I love cooking with enameled cast iron. Care and daily maintenance is a lot easier than with a non-enameled cast iron, which requires seasoning, but it’s capable of the same high heat and can go in the oven or on the stovetop.

When testing this pot, I made a Thai-style curry by first browning some onions and cooking off spices before adding my coconut milk, vegetables, and prawns and cooking in the oven. I first noticed that the pan took a long time to come to heat - much longer than my Le Creuset. When heated enough for me to brown the onions though, the pot maintained heat well to prevent them from burning. There was a little sticking when I added my spices, which is to be expected, but once I added stock and coconut milk I was able to scrape this from the bottom of the pan and get my sauce bubbling.

As with the Always Pan, you get a nesting beechwood scraper that sits on the handle of the pot. It’s not the most useful when cooking on higher heats, because there’s a good chance it’ll scorch when sat on the handle. It’ll also sit across the pan, but I personally preferred just using my own silicone spatula for cooking. There’s also no built-in resting place for the scraper, so I don't think it's particularly useful with the Cast Iron Perfect Pot.

To transfer the pot to the oven, I tried to use the included sillicone hot grips to protect my hands from the hot handle. They look groovy, but proved a little bit fiddly to get into and remove from place on the handles. I’ve been defaulting to my regular oven gloves for moving in and out of the oven, but the grips are still great for moving your hot pan from the stove to the dining table.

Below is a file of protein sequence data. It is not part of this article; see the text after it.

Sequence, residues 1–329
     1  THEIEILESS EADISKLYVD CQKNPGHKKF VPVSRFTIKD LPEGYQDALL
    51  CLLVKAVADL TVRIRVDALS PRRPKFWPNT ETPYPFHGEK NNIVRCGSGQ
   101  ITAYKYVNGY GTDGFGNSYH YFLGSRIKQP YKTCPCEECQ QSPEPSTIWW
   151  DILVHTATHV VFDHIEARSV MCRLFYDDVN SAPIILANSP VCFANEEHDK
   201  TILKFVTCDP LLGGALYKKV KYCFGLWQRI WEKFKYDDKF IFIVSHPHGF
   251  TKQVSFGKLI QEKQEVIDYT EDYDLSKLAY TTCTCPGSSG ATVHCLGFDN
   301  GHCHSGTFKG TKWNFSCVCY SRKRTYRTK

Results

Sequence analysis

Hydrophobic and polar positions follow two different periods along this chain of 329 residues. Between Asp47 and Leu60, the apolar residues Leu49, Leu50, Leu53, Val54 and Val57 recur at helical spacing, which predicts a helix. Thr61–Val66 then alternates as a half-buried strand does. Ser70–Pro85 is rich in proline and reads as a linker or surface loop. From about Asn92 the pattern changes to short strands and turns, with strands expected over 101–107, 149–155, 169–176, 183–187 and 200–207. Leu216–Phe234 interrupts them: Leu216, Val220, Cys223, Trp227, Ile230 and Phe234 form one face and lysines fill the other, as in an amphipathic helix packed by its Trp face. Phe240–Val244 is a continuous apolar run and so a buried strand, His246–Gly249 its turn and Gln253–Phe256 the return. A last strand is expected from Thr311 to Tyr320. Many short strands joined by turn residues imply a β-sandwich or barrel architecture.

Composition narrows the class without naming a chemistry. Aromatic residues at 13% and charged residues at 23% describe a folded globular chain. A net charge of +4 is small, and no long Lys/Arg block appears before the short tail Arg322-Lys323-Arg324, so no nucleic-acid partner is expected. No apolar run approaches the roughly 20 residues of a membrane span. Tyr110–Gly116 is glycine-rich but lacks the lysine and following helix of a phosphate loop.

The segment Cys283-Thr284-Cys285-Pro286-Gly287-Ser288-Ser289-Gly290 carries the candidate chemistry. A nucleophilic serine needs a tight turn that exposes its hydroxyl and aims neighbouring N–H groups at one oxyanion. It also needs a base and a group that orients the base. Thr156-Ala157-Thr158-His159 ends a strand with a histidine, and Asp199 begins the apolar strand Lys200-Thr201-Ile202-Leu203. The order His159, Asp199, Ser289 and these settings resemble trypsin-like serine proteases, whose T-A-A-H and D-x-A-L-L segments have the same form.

I can’t fault how my curry cooked in the oven. It performed pretty similar to my other cast iron pots from Staub and Made In, but the weight is definitely more of a problem. It's 13lbs, 2lbs heavier than its equivalents from Le Creuset and Staub, so when it's full of sauce or stew it makes for a serious arm workout.

Launched alongside the Cast Iron Perfect Pot, the hot grill can slot on top of the pot in the place of the lid (Lodge bread oven-style) and also be used as a skillet. You can also use the lid of the perfect pot to create some steam, perfect for melting the cheese on a smashburger. I’ve got my current skillet to a well-seasoned place where I can achieve grill lines on everything from steak to aubergine without sticking. Perhaps I went in a little too confidently with the cast iron hot grill, but in my defence, it does claim to require no pre-seasoning. I segmented some peaches and added a little oil to the hot grill while it pre-heated. After a few minutes of grilling I was disappointed that the peaches were sticking to the grill surface, meaning I didn’t get any lovely sear-lines for my finished salad. I was definitely less Insta-worthy than intended.

After scrubbing away the residue from my peaches and doing a little extra seasoning to the hot grill, I was back in business for dinner. Burgers fared a lot better than my soft fruit had, achieving some nice deep grill lines.